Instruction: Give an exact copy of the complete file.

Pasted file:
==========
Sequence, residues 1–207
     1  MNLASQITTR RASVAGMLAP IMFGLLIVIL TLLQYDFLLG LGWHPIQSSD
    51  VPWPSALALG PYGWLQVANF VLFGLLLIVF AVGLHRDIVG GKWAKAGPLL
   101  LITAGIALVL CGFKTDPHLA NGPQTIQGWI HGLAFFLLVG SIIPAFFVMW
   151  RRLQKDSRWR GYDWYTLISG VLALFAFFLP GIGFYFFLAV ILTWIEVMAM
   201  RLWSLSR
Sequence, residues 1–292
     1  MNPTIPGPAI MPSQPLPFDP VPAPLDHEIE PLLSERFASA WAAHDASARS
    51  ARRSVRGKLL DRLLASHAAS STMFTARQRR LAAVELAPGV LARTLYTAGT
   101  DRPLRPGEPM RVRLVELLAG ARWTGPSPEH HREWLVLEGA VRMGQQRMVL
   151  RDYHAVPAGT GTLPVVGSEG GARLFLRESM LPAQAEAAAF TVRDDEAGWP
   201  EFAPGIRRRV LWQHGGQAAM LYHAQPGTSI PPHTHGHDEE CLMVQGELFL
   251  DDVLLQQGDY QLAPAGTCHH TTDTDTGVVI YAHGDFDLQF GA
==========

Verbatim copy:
Sequence, residues 1–207
     1  MNLASQITTR RASVAGMLAP IMFGLLIVIL TLLQYDFLLG LGWHPIQSSD
    51  VPWPSALALG PYGWLQVANF VLFGLLLIVF AVGLHRDIVG GKWAKAGPLL
   101  LITAGIALVL CGFKTDPHLA NGPQTIQGWI HGLAFFLLVG SIIPAFFVMW
   151  RRLQKDSRWR GYDWYTLISG VLALFAFFLP GIGFYFFLAV ILTWIEVMAM
   201  RLWSLSR
Sequence, residues 1–292
     1  MNPTIPGPAI MPSQPLPFDP VPAPLDHEIE PLLSERFASA WAAHDASARS
    51  ARRSVRGKLL DRLLASHAAS STMFTARQRR LAAVELAPGV LARTLYTAGT
   101  DRPLRPGEPM RVRLVELLAG ARWTGPSPEH HREWLVLEGA VRMGQQRMVL
   151  RDYHAVPAGT GTLPVVGSEG GARLFLRESM LPAQAEAAAF TVRDDEAGWP
   201  EFAPGIRRRV LWQHGGQAAM LYHAQPGTSI PPHTHGHDEE CLMVQGELFL
   251  DDVLLQQGDY QLAPAGTCHH TTDTDTGVVI YAHGDFDLQF GA